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Family of slain UConn corner seeking $5 million from school


Stabbed to death following an altercation at a school-sponsored dance in October of 2009, Jasper Howard‘s parents are seeking significant financial compensation for the parties they believe are at least partly responsible for their son’s death.

A Connecticut claims commissioner, the Hartford Courant writes, “is considering a request by Howard’s parents… to file a lawsuit against UConn for damages ‘in excess of ‘$5 million‘.”  The paper goes on to explain that “[t]he state, by law, enjoys immunity from most lawsuits unless the claims commissioner grants a request to sue.”

Months of depositions will take place before the claims commissioner makes a decision on whether a lawsuit against UConn should go forward.

A lawsuit against the company that provided security the night of their son’s death seeking unspecified monetary damages has already been filed.

The cornerback became mixed up in a confrontation involving a group of UConn students and a group of non-UConn students, altercations that allegedly took place both during the Oct. dance and after.  The non-UConn group went back to their vehicles following one of the verbal altercations, and at least two armed themselves with knives and returned to confront the group of UConn students.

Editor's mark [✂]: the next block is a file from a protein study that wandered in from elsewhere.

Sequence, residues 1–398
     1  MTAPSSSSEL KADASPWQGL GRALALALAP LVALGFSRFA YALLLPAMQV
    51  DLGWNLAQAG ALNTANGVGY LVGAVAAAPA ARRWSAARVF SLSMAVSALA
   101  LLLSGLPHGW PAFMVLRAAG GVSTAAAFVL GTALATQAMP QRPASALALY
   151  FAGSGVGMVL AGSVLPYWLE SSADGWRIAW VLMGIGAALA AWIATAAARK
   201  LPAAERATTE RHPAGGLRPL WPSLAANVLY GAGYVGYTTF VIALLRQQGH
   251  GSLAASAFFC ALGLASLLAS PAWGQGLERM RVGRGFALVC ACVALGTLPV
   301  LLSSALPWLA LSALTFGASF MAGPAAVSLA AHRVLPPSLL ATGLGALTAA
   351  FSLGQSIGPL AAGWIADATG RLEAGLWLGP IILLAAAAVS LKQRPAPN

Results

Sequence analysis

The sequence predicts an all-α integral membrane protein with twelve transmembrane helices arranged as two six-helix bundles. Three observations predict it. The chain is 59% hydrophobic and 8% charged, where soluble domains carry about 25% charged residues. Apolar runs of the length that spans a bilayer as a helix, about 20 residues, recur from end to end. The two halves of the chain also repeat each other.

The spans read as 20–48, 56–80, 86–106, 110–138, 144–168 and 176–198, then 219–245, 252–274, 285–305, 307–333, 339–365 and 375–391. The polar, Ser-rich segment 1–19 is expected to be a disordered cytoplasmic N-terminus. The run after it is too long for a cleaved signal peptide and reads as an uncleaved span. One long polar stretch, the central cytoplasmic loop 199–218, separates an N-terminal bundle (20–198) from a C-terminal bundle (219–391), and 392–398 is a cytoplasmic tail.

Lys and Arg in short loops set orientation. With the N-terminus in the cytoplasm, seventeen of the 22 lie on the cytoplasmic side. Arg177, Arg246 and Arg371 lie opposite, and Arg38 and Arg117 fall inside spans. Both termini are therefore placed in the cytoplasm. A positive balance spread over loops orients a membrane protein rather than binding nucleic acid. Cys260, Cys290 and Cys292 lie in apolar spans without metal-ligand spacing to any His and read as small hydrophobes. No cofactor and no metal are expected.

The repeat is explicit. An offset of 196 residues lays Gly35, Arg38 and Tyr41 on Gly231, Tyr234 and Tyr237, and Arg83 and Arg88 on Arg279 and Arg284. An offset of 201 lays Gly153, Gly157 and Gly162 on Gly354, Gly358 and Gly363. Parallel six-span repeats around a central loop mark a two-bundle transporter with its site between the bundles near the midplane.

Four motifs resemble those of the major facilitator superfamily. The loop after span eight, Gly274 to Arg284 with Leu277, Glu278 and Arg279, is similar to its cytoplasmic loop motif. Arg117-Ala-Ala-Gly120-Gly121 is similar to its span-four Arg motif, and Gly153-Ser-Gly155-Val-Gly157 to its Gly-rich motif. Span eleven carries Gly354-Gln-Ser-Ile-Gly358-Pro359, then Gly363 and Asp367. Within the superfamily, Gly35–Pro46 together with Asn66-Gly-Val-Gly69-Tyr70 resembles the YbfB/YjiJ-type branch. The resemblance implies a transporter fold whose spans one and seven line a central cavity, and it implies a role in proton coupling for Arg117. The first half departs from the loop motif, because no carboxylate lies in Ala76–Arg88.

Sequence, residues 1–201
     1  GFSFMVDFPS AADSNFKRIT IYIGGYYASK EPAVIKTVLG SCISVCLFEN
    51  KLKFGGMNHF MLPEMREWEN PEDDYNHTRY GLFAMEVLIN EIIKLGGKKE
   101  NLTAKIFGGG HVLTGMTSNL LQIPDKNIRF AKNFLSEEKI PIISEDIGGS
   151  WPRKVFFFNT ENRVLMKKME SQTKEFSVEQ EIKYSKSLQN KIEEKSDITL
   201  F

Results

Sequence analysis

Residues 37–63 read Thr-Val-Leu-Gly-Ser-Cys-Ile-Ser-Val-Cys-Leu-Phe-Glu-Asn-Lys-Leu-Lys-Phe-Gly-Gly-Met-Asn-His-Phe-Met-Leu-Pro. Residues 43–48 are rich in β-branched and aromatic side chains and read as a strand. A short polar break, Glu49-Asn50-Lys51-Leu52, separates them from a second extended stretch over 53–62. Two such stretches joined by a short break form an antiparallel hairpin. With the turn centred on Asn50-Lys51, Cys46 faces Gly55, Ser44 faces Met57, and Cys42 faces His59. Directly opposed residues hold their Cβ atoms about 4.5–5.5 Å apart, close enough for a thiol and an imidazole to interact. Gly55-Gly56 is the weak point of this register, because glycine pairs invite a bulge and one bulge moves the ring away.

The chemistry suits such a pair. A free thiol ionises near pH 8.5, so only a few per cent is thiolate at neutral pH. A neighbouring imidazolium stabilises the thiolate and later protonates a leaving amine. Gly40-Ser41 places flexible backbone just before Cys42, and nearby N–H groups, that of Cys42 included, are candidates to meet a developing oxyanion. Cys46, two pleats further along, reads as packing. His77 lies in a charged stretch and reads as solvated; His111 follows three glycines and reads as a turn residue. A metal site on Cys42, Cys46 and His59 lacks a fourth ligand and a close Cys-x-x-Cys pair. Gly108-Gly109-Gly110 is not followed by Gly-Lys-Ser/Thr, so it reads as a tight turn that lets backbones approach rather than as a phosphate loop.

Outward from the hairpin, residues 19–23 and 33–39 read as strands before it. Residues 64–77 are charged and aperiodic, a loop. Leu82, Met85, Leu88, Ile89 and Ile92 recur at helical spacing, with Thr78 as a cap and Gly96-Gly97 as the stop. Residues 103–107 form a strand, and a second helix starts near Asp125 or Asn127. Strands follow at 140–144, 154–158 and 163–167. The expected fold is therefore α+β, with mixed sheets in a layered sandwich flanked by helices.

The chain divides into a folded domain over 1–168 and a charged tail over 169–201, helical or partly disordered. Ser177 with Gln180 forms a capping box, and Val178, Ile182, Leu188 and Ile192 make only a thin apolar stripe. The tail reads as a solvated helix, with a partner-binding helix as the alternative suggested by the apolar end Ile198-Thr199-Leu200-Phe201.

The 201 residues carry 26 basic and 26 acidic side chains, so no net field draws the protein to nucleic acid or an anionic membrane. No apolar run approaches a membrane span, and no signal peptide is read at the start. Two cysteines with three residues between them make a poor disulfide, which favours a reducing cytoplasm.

Howard, along with teammate Brian Parker, was stabbed in what the family’s attorney claims was the third altercation involving the group of non-UConn students.  Howard, who was reportedly not involved in the original confrontation(s), died a short time later as a result of the injuries suffered in the stabbing.  Parker recovered from his injuries.

The school claims it is not responsible for Howard’s death and that the family should not be permitted to sue the university.

The murder of Jasper Howard was a terrible and senseless tragedy. Although we strongly condemn this brutal crime and continue to express our condolences to Jasper Howard’s family and friends, the State of Connecticut is not legally liable for his death,” Associate Attorney General Perry Zinn-Rowthorn and Assistant Attorney General Michael R. Bullers wrote in March 2011.